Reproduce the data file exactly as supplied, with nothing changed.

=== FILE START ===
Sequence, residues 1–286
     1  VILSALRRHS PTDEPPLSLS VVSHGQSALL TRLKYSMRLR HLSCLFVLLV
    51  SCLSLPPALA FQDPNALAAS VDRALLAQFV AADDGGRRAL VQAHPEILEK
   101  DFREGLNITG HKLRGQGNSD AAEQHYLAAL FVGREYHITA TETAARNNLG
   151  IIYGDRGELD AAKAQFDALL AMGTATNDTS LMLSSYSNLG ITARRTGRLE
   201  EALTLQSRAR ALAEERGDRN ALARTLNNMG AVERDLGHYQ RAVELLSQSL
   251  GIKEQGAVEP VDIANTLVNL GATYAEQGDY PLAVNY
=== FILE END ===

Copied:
Sequence, residues 1–286
     1  VILSALRRHS PTDEPPLSLS VVSHGQSALL TRLKYSMRLR HLSCLFVLLV
    51  SCLSLPPALA FQDPNALAAS VDRALLAQFV AADDGGRRAL VQAHPEILEK
   101  DFREGLNITG HKLRGQGNSD AAEQHYLAAL FVGREYHITA TETAARNNLG
   151  IIYGDRGELD AAKAQFDALL AMGTATNDTS LMLSSYSNLG ITARRTGRLE
   201  EALTLQSRAR ALAEERGDRN ALARTLNNMG AVERDLGHYQ RAVELLSQSL
   251  GIKEQGAVEP VDIANTLVNL GATYAEQGDY PLAVNY